12. Now the corroborative evidence against these two accused seems to me to fall within the terms of that warning. (His Lordship then considered the corroborative evidence and held that there was no corroborative evidence within the correct legal meaning of the term against either of these two accused. The judgment then proceeded.) The Judge ought to have told this to the jury, and I think that he misdirected them when he summed up the evidence against Majid and Chitta by mentioning these facts without saying either one way or the other whether they amounted to corroboration in law or not. Thus the jury may easily have been led to believe that the Judge mentioned this part of the evidence in order to remind them of evidence which was corroborative in law of the evidence given by the accomplice. For these reasons, these convictions and sentences must be set aside and these two appellants acquitted. We see no reason to enhance the sentences of the other accused. The Rule is discharged.
13. I agree. I would like to add that the use which has been made of Section 494 in this case was entirely unjustified. As stated by my learned brother, an approver is a competent witness under the provisions of Section 337 under which there are various precautions taken as laid down in the statute, which are omitted in the case of withdrawal of a prosecution under Section 494. It is true that in a number of cases such a witness has been held to be a competent witness. But I respectfully agree with the judgment of Witworth, J., in Queen-Empress v. Hussein Haji (1901) 25 Bom 422, where he says that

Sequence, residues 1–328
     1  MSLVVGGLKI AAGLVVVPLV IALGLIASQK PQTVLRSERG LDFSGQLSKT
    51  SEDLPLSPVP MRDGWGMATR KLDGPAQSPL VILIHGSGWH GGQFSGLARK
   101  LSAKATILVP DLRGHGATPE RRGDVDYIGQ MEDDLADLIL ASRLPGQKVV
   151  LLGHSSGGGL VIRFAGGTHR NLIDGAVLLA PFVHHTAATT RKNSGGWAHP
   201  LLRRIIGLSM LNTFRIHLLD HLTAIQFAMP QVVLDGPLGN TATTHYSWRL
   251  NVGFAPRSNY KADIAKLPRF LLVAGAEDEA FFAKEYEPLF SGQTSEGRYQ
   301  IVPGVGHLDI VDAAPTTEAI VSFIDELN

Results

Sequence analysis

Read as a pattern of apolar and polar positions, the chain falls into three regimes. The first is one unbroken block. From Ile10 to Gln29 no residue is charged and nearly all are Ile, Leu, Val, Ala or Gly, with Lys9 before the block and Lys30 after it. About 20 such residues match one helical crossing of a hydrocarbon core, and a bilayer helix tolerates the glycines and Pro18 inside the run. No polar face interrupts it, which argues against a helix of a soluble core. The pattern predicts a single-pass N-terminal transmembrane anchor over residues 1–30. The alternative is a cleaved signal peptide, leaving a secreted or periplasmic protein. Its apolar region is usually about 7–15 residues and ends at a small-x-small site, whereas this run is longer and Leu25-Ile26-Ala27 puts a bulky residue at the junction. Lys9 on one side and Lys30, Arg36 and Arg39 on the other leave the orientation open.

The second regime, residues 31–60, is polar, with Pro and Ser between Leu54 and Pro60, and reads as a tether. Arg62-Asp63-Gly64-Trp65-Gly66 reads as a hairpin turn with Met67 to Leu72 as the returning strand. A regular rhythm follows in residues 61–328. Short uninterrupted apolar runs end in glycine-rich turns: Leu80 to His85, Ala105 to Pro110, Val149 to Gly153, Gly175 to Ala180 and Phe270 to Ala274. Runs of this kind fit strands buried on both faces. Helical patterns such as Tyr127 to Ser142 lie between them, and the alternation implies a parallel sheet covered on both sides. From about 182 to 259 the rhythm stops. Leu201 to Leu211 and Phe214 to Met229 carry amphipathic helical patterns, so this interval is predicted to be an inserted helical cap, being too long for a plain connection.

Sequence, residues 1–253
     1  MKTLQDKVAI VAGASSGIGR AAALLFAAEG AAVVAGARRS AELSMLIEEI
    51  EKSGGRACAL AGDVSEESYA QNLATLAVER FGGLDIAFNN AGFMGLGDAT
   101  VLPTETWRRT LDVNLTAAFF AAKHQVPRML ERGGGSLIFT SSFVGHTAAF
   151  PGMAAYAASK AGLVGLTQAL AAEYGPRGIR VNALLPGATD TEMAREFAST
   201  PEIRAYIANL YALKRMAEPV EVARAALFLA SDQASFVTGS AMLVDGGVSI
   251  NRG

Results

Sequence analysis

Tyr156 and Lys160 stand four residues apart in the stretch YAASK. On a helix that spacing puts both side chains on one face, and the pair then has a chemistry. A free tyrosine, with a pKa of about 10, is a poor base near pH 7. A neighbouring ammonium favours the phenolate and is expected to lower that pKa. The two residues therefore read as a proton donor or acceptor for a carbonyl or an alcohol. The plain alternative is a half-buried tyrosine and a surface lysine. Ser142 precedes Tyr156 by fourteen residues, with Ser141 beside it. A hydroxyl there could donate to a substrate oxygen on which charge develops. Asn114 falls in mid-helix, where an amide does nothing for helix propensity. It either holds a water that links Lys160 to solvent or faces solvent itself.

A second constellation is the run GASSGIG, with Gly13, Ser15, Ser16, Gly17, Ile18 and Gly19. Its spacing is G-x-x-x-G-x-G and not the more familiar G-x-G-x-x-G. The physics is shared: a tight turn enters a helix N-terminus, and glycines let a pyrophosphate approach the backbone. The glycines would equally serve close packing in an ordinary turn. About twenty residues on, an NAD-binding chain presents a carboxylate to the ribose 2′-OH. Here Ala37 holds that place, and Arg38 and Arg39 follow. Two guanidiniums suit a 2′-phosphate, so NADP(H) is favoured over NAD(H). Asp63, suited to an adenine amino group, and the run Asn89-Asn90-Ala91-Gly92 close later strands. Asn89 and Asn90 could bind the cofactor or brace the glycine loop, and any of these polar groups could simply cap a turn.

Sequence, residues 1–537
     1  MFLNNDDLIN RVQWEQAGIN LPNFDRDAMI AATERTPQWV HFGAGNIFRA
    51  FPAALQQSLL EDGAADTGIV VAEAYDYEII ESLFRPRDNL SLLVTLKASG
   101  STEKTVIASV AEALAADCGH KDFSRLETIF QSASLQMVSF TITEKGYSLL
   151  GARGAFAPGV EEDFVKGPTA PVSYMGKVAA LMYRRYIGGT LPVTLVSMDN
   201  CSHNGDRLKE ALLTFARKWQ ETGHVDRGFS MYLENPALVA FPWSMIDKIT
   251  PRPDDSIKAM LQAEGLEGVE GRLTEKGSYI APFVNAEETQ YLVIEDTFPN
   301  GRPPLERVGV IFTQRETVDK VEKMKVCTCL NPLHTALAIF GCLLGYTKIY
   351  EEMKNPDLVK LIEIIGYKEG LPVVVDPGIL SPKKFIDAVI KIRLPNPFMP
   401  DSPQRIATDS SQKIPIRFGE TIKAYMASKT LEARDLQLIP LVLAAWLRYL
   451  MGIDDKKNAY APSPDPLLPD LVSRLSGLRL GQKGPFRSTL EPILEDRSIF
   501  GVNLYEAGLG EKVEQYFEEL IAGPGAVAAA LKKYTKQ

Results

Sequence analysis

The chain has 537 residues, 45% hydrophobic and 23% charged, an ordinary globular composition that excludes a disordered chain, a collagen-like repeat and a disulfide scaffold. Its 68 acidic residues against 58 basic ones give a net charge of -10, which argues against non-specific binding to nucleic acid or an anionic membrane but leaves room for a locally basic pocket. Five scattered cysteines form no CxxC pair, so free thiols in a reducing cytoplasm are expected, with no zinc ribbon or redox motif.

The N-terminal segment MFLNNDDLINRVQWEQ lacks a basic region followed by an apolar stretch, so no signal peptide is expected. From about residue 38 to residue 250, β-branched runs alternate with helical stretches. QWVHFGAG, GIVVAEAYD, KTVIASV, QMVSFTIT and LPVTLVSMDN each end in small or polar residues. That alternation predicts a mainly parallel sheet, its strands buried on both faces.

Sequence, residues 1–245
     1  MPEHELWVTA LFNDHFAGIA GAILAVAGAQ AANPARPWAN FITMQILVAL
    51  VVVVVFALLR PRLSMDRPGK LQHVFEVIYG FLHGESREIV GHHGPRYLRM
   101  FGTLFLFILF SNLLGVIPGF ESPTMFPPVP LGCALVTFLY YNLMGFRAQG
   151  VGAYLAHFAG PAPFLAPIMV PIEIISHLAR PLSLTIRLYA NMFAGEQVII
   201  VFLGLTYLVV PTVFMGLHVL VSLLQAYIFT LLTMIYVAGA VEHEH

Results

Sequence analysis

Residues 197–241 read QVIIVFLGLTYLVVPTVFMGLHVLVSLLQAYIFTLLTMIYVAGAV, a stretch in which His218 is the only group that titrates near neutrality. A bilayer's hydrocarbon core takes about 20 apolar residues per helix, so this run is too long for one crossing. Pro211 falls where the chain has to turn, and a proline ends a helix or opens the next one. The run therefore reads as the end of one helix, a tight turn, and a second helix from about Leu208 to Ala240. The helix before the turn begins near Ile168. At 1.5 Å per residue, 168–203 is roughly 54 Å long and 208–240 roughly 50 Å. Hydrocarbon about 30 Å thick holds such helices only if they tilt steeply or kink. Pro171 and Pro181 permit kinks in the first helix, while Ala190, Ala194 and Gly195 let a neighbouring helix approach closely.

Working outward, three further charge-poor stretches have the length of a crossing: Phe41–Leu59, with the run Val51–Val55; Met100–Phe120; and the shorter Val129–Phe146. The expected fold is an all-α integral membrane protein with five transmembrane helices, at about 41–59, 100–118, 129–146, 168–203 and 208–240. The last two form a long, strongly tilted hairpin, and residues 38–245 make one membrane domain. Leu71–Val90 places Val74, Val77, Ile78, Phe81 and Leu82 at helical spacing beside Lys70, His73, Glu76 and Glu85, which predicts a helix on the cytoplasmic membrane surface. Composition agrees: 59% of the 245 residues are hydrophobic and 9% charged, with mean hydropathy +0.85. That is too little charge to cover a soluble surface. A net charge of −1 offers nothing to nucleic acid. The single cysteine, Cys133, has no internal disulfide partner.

It is necessary to reconcile the provisions of Sections 337 and 494 and that can I think only be done by taking the consent of the Court in Section 494 as meaning consent based solely upon a judicial consideration of the case against the person from whose prosecution the Public Prosecutor desires to withdraw, and not upon any consideration of the uses to which that person may be put in a case other than his own. And indeed apart from any conflict with Section 337, I should think that to be the most natural interpretation of the section.
14. He therefore held in that case that the witness discharged under the provisions of Section 494 was not a competent witness. In my view the witness can only be considered a competent witness in the sense that his evidence is not inadmissible in respect of the facts to which it relates. I find that the view that he is a competent witness has been held in this Court in asem Ali v. Emperor, 1920 Cal 87. But in that case there is no discussion of the previous cases and it is merely stated by Shamsul Huda, J., that upon the reported decision
it is enough that the accused person had been discharged before he gave his evidence and was not on his trial when such evidence was given. This is quite sufficient to make his evidence admissible.
15. The learned Judge in that case altogether left out of view the fact that such evidence is not safeguarded by the provisions of Section 337. The evidence is no doubt admissible but in practice no weight should be given to it without corroboration.